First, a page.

“I’m really proud of our team for coming together,” said senior head coach Cybele Zhang. “It was great to see people collaborating from across sections of the paper, and it really helped to have so much support on the sideline.”
From the very first play of the game, it was evident that The Stanford Daily’s offense came to play. Led by senior quarterback Daniel Martinez-Krams, a dual-threat player who led the team in both passing and rushing yards, Stanford struck first. Per the Ink Bowl rules, a touchdown counts as an automatic seven points, with no extra point succeeding the scoring play. Accordingly, Stanford led 7-0 to start the game.
“We played aggressively and came out swinging,” junior captain Jeremy Rubin said. “No one really expected us to win so we played free and loose and got it done.”
However, the Daily Cal responded with an offensive clinic of its own. Its spread offense could not be stopped for most of the game, with the aerial attack accounting for many long touchdowns. On its first offensive possession, the Daily Cal marched down the field to tie the score at 7-7.
Both teams traded touchdowns once again, putting the score at 14-14. On its third drive with the ball, The Stanford Daily’s offense was finally stopped when Martinez-Krams was intercepted in Cal territory.
The Daily Cal took advantage of the opportunity, once again scoring a touchdown to take its first lead of the day, 21-14. A response from The Stanford Daily tied the game again at 21-21, but Cal took the lead with just 13 seconds left in the half to go up 28-21.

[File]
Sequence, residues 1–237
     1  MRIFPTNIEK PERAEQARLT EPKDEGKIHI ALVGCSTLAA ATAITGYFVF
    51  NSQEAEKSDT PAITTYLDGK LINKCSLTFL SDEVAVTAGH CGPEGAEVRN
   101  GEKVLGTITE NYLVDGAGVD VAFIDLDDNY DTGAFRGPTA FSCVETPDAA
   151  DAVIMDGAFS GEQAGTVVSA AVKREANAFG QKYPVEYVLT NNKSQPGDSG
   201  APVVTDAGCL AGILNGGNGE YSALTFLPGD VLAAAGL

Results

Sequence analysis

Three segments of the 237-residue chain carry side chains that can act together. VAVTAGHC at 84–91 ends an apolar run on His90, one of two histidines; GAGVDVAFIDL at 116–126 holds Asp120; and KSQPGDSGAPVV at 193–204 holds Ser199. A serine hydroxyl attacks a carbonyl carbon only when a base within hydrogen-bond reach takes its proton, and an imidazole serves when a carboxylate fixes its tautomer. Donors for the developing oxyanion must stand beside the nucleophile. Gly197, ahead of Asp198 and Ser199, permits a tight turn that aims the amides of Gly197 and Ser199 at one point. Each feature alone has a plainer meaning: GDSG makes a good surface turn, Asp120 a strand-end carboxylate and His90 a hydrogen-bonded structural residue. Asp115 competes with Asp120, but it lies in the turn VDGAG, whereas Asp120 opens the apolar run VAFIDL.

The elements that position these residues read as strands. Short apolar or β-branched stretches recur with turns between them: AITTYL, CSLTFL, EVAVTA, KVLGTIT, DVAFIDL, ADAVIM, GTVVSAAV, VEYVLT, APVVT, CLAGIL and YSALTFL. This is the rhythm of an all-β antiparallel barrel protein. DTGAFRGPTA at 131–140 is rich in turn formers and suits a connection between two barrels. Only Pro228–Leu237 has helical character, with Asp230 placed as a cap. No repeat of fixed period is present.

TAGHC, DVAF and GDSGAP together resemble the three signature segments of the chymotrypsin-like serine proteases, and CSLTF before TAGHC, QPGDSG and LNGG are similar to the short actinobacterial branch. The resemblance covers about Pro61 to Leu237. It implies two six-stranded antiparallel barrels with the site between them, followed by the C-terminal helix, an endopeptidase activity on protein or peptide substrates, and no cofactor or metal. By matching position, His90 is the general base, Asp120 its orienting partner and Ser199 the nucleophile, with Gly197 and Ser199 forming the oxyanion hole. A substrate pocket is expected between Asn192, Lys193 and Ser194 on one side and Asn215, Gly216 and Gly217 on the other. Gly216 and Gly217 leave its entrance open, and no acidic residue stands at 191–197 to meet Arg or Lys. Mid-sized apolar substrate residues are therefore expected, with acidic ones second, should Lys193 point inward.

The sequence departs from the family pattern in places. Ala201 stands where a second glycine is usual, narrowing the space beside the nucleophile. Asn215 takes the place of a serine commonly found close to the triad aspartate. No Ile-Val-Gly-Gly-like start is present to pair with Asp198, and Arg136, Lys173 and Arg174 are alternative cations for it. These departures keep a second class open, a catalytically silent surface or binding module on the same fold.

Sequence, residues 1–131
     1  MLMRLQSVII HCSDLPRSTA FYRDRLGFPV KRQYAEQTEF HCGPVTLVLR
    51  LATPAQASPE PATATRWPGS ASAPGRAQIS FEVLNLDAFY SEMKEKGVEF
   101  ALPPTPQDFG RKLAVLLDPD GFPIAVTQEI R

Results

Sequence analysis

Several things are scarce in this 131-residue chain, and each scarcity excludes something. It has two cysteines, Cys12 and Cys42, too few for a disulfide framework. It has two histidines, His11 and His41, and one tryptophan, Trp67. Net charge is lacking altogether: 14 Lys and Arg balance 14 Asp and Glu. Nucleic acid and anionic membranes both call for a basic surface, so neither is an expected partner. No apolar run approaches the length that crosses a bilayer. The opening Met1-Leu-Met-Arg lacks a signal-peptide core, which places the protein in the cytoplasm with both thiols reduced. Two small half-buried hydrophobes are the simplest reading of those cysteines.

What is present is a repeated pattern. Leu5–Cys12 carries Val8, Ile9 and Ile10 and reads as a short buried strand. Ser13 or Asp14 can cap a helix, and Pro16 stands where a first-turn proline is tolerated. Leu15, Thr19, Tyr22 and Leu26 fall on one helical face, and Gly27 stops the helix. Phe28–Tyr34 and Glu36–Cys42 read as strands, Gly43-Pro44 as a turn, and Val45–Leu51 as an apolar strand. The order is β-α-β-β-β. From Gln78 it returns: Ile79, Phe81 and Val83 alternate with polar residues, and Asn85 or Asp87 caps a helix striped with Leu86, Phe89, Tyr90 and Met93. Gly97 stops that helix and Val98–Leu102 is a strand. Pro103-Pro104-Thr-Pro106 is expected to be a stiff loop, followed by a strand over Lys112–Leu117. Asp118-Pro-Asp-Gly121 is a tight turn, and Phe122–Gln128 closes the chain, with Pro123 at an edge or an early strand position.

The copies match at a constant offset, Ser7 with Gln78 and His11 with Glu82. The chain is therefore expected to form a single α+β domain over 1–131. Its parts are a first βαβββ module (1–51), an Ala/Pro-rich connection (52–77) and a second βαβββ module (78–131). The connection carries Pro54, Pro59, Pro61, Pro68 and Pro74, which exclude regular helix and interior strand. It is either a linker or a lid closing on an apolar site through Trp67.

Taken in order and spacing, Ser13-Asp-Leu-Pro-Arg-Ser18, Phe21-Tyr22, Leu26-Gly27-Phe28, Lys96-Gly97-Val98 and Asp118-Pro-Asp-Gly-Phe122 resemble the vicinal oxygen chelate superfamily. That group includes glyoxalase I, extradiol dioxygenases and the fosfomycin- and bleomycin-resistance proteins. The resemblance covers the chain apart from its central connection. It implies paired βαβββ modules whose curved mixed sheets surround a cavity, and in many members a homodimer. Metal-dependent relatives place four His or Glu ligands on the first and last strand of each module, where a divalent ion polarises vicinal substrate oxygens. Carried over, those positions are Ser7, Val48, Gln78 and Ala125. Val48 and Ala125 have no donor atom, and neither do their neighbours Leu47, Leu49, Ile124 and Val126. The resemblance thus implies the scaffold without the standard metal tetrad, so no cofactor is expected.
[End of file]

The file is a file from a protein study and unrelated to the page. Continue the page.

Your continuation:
Because the Daily Cal was receiving the ball to begin the second half, The Stanford Daily team felt immense pressure facing a 7-point deficit. However, 13 seconds was plenty of time for Stanford. Martinez-Krams took the snap from senior center Cooper Veit and rolled out with zeros on the clock to heave a desperate pass. The ball sailed in the air before gracing the hands of sophomore wide receiver Jibriel Taha to tie the game 28-28 entering the half.
The back-and-forth affair created an intensity that was palpable to all participants, players and spectators alike. In the halftime huddle, The Stanford Daily searched for ways to mitigate this intensity.
Beyond just the running, throwing and meticulous flag-pulling — which The Stanford Daily’s heart and soul, senior captain Daniel Wu, emphasized in the practices leading up to the game — the Ink Bowl is always a scene characterized by trash talk. Because of the cancellation of 2020’s matchup, this game marked many players’ Ink Bowl debut. One such player was sophomore defensive end/wide receiver Gavin McDonell, who diverged from traditional trash talk and handled the game’s intensity in a different fashion.